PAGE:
A step in the right direction
What puzzles me is
getNextFile. Step into a simplified world with me, where we're not dealing with IO yet. The type is
Maybe DataFile -> Maybe DataFile. In my opinion, this should simply be
DataFile -> Maybe DataFile, and I will operate under the assumption that this adjustment is possible. And that looks like a good candidate for
unfoldr. The first thing I am going to do is make my own simplified version of unfoldr, which is less general but simpler to use.
-- unfoldr :: (b -> Maybe (a,b)) -> b -> [a]
myUnfoldr :: (a -> Maybe a) -> a -> [a]
myUnfoldr f v = v : unfoldr (fmap tuplefy . f) v
where tuplefy x = (x,x)
Now the type
f :: a -> Maybe a matches
getNextFile :: DataFile -> Maybe DataFile
getFiles :: String -> [DataFile]
getFiles = myUnfoldr getNextFile . getFirstFile
unfoldr is a lot like
iterate, except once it hits
Nothing, it terminates the list.
Now, we have a problem.
IO. How can we do the same thing with
IO thrown in there? Don't even think about The Function Which Shall Not Be Named. We need a beefed up unfoldr to handle this. Fortunately, the source for unfoldr is available to us.
unfoldr :: (b -> Maybe (a, b)) -> b -> [a]
unfoldr f b =
case f b of
Just (a,new_b) -> a : unfoldr f new_b
Nothing -> 
Now what do we need? A healthy dose of
liftM2 unfoldr almost gets us the right type, but won't quite cut it this time.
An actual solution
unfoldrM :: Monad m => (b -> m (Maybe (a, b))) -> b -> m [a]
unfoldrM f b = do
res <- f b
case res of
Just (a, b') -> do
bs <- unfoldrM f b'
return $ a : bs
Nothing -> return 
It is a rather straightforward transformation; I wonder if there is some combinator that could accomplish the same.
Fun fact: we can now define
unfoldr f b = runIdentity $ unfoldrM (return . f) b
Let's again define a simplified
myUnfoldrM, we just have to sprinkle in a
liftM in there:
myUnfoldrM :: Monad m => (a -> m (Maybe a)) -> a -> m [a]
myUnfoldrM f v = (v:) `liftM` unfoldrM (liftM (fmap tuplefy) . f) v
where tuplefy x = (x,x)
And now we're all set, just like before.
getFirstFile :: String -> IO DataFile
getNextFile :: DataFile -> IO (Maybe DataFile)
getFiles :: String -> IO [DataFile]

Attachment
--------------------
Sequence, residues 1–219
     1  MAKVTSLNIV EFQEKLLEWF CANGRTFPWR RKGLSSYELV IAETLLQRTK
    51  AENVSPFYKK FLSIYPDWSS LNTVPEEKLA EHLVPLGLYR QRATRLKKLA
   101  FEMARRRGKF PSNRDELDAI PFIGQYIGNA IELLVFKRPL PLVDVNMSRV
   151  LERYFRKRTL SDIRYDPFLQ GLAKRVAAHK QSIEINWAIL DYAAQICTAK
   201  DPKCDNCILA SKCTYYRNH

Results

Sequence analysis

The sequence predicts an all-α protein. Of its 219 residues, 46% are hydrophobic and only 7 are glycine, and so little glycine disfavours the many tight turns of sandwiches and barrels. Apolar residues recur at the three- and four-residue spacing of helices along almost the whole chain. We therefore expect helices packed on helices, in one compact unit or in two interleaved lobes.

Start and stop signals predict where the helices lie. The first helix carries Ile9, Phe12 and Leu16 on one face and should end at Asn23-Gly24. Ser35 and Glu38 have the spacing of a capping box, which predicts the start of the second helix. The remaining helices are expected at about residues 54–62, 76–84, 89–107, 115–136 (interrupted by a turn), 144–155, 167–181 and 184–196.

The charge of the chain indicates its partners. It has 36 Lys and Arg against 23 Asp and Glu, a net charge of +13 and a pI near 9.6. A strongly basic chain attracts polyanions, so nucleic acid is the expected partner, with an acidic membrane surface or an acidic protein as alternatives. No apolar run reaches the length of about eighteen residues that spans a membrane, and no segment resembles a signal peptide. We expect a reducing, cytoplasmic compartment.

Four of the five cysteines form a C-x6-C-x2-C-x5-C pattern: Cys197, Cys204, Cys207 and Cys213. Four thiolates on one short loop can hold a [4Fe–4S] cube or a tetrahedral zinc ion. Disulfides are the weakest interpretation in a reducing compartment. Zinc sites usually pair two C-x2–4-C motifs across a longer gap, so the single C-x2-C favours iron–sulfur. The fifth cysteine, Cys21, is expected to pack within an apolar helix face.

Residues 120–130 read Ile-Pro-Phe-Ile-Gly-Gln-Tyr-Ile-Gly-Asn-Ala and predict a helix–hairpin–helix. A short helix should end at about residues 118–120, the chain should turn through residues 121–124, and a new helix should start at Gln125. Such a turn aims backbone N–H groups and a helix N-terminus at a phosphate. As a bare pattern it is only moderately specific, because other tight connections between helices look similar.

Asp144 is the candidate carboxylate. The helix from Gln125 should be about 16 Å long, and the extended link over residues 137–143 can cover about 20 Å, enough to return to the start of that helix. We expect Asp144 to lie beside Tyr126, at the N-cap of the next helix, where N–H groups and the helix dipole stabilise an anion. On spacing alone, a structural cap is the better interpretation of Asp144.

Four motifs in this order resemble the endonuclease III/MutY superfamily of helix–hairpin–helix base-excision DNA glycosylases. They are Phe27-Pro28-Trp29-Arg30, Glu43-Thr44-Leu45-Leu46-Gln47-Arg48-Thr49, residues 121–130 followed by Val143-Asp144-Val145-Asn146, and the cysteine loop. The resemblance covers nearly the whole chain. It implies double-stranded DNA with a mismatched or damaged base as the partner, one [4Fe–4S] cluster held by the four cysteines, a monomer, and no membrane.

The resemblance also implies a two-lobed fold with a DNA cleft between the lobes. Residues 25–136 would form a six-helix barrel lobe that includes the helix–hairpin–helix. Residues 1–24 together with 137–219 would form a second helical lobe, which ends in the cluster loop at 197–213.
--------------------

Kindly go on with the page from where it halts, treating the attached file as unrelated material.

getFiles str = do
firstFile <- getFirstFile str
myUnfoldrM getNextFile firstFile
-- alternatively, to make it look like before
getFiles' :: String -> IO [DataFile]
getFiles' = myUnfoldrM getNextFile <=< getFirstFile
By the way, I typechecked all of these with
data DataFile = NoClueWhatGoesHere, and the type signatures for
getNextFile, with their definitions set to
myUnfoldrM to behave more like
iterate, including the initial value in the list of results.
 Additional insight on unfolds:
If you have a hard time wrapping your head around unfolds, the Collatz sequence is possibly one of the simplest examples.
collatz :: Integral a => a -> Maybe a
collatz 1 = Nothing -- the sequence ends when you hit 1
collatz n | even n = Just $ n `div` 2
| otherwise = Just $ 3 * n + 1
collatzSequence :: Integral a => a -> [a]
collatzSequence = myUnfoldr collatz
myUnfoldr is a simplified unfold for the cases where the "next seed" and the "current output value" are the same, as is the case for collatz. This behavior should be easy to see given
myUnfoldr's simple definition in terms of
tuplefy x = (x,x).
ghci> collatzSequence 9
More, mostly unrelated thoughts
The rest has absolutely nothing to do with the question, but I just couldn't resist musing. We can define
myUnfoldr in terms of
myUnfoldr f v = runIdentity $ myUnfoldrM (return . f) v
Look familiar? We can even abstract this pattern:
sinkM :: ((a -> Identity b) -> a -> Identity c) -> (a -> b) -> a -> c
sinkM hof f = runIdentity . hof (return . f)
unfoldr = sinkM unfoldrM
myUnfoldr = sinkM myUnfoldrM
sinkM should work to "sink" (opposite of "lift") any function of the form
Monad m => (a -> m b) -> a -> m c.
Monad m in those functions can be unified with the
Identity monad constraint of
sinkM. However, I don't see anything that
sinkM would actually be useful for.